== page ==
Few people – if any – would argue that the mental health of our children is not important. Quite the opposite, children’s mental health can have a profound effect not only on their quality of life, but also on the quality of the communities that surround them. A happy, healthy child grows into a happy, healthy adult. Unfortunately, that future isn’t a guarantee for any child, and even less so for children experiencing mental illness.
One in five children will experience mental illness in their lifetime. That equates to more than 80,000 children in Bexar County alone. For those children that are properly diagnosed as having a mental illness, only 20% of those children will receive the treatment that they need.
The data is shocking and saddening, and it seems to indicate that incidences of mental illness among children are on the rise. But is it accurate? Are we just better at diagnosing mental illness? Or have we been able to remove some of the stigma associated with mental illness, and more incidences are being discussed?
More diagnoses or just a better understanding?
In a 2013 Slate article, author Robin Rosenberg attempts to uncover the “whys” behind the increase in mental illness diagnoses. Rosenberg says, “First, we’ve gotten better at detecting mental illness and doing so earlier in the course of the illness …. If we are better at spotting it, we can treat it. And if we detect it earlier, we can, hopefully, intervene to reduce the intensity and/or frequency of symptoms. For instance, people who decades ago may have had undiagnosed attention deficit hyperactivity disorder, depression, or substance abuse are now more likely to have their problems recognized and diagnosed. But the increased awareness and detection translates into a higher rate of mental illness.”
Rosenberg continues, “Second, we really are getting ‘sicker.’ The high prevalence of mental illness in the United States isn’t only because we’ve gotten better at detecting mental illness. More of us are mentally ill than in previous generations, and our mental illness is manifesting at earlier points in our lives.”
Consider this: According to a 2016 interim report from the State of Texas’ House Select Committee on Mental Health, there is no doubt that mental illness is taking a toll on the state’s youth. Some of that data are:
- Half of mental health conditions begin by age fourteen
- Nearly 250,000 children have a serious emotional disturbance (SED)
- Approximately 26,300 Texas students are receiving special education services with a primary diagnosis of emotional disturbance;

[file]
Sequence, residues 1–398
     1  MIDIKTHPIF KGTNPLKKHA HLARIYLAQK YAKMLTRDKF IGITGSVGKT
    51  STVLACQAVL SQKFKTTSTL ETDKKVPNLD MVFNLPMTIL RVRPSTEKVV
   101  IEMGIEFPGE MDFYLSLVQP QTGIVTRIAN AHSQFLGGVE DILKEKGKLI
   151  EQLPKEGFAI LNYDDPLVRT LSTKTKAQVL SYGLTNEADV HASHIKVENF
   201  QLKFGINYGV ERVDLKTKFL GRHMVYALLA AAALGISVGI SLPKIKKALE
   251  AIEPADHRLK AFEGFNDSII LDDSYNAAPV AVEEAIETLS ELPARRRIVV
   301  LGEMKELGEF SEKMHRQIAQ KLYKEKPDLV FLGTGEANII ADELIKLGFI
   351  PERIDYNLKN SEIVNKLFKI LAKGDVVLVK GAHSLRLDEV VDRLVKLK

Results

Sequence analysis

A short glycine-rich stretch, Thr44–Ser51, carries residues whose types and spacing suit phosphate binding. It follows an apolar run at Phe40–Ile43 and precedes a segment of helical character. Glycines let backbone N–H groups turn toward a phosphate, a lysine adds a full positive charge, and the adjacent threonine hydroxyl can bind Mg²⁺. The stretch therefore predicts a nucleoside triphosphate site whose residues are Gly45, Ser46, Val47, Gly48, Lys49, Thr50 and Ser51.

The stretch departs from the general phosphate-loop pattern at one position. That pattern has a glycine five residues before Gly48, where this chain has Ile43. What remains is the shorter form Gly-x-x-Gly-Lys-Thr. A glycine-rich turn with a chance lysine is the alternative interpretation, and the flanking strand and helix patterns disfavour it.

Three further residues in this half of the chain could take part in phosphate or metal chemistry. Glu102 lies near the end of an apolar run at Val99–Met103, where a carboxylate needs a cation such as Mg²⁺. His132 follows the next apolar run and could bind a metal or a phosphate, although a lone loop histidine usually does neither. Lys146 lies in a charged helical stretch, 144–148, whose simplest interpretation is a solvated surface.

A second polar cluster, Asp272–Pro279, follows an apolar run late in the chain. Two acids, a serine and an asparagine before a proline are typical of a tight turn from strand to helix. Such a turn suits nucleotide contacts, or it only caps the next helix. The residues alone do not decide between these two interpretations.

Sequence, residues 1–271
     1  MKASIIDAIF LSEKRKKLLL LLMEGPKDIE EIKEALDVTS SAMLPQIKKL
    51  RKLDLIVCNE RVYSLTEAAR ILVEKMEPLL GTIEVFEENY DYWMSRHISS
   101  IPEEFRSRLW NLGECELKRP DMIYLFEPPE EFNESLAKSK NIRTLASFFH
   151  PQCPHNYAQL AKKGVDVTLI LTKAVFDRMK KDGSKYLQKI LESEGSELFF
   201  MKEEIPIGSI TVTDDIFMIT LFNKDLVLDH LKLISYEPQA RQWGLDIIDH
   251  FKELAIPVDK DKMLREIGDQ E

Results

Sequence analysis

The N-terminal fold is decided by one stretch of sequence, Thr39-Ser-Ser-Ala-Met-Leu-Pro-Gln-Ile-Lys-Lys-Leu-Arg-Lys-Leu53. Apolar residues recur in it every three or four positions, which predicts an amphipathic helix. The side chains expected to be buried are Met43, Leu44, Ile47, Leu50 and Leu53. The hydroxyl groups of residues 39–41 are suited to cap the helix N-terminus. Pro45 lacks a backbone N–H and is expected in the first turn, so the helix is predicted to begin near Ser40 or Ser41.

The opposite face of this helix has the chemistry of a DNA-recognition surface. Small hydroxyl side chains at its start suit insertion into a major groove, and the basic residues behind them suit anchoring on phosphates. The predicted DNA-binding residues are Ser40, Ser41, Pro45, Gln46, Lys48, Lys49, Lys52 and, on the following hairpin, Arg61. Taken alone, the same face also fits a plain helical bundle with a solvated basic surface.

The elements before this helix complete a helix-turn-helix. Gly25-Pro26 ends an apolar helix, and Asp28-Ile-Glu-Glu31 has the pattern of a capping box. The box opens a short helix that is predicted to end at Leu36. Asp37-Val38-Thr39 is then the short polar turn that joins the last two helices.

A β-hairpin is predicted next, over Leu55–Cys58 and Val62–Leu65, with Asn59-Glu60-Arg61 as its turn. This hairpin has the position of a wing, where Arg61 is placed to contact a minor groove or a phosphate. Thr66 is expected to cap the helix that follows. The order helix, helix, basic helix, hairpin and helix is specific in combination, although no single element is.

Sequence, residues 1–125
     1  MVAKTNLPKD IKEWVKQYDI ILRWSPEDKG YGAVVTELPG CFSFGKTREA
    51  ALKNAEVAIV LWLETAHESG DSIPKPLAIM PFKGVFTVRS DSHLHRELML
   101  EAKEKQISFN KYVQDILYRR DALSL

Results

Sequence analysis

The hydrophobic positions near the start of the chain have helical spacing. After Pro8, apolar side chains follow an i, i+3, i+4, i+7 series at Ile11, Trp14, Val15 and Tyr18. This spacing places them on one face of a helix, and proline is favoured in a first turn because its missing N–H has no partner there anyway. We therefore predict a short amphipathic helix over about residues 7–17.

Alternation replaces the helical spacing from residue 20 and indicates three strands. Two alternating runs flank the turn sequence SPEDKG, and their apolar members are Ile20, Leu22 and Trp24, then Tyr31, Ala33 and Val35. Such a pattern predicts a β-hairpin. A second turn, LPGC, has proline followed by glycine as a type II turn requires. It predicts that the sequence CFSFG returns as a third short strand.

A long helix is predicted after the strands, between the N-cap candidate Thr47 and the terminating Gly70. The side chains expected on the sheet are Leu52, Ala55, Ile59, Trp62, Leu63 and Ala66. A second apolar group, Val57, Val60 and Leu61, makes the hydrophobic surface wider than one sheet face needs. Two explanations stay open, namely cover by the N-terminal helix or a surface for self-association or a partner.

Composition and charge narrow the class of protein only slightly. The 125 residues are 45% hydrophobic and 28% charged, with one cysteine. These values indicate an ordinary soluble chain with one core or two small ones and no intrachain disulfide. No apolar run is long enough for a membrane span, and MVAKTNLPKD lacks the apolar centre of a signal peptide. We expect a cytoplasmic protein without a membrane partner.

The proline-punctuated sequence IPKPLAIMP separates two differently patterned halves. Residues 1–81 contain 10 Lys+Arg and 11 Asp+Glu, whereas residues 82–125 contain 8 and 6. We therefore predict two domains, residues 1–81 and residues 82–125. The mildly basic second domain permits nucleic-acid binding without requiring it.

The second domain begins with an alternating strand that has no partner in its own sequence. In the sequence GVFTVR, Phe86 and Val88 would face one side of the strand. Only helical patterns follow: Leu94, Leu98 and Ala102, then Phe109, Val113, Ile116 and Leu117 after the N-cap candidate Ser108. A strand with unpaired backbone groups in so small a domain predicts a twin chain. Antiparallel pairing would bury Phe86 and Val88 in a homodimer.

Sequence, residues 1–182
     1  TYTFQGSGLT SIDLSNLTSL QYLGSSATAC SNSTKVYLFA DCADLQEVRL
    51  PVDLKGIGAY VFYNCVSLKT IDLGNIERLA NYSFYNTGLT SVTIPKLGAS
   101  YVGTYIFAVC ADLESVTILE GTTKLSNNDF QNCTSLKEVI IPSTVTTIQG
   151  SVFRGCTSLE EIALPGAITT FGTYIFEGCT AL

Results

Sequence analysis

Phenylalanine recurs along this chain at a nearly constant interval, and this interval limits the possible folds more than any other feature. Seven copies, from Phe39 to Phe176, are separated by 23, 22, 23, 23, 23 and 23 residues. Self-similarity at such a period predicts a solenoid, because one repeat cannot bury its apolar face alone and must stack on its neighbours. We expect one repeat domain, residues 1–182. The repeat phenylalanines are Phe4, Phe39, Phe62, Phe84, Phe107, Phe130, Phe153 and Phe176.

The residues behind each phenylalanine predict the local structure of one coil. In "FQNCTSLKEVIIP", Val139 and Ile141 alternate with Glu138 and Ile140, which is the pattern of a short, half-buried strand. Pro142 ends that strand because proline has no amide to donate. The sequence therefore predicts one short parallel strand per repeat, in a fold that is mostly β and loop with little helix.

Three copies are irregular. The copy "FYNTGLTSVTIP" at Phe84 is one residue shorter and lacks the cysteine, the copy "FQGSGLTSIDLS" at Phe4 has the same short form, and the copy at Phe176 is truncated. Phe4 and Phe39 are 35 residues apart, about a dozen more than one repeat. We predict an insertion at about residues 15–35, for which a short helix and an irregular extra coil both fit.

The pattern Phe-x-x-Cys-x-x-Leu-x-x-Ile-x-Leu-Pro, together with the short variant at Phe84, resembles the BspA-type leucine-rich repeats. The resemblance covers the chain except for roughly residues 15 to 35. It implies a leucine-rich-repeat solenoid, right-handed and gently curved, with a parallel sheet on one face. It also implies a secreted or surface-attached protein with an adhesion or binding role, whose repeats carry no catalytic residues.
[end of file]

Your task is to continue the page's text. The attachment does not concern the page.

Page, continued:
- Approximately 32,000 children are in Department of Family Protective Services (DFPS) conservatorship, and it is estimated that over fifty percent of those children have a diagnosed mental illness;
- Approximately 50 percent of youth in the juvenile justice system have been identified with need for mental health treatment
Rosenberg points to the role the Diagnostic and Statistical Manual of Mental Disorders, more commonly referred to as DSM, plays. The DSM is the manual through which the US defines mental illnesses, and Rosenberg uses its various versions to illustrate her statement that we are getting “sicker” by indicating the evolution of diagnoses definitions in the ubiquitous manual.
So, what are we to conclude as parents? There are probably multiple answers to why the number of kids affected is growing. What is clear is that many are experiencing mental illness, and the earlier children get the help they need, the better off they will be. . .
With an eye to the best for our kids,
Michele Autenrieth Brown is the director of development for Clarity Child Guidance Center. She became passionate mental health advocate after trying to navigate the system of care to support a family member. When she is not shuttling kids to practices or spending time with her husband, Michele is perfecting just what to say to get the perfect eye roll and sigh from her teen and pre-teen children.
If you are experiencing an emergency, please call 9-1-1. If you need help locating mental health resources in your area, visit the Bexar County Community Resource website, call your local health department or the National Alliance Mental Illness's helpline at 800-950- NAMI (6264).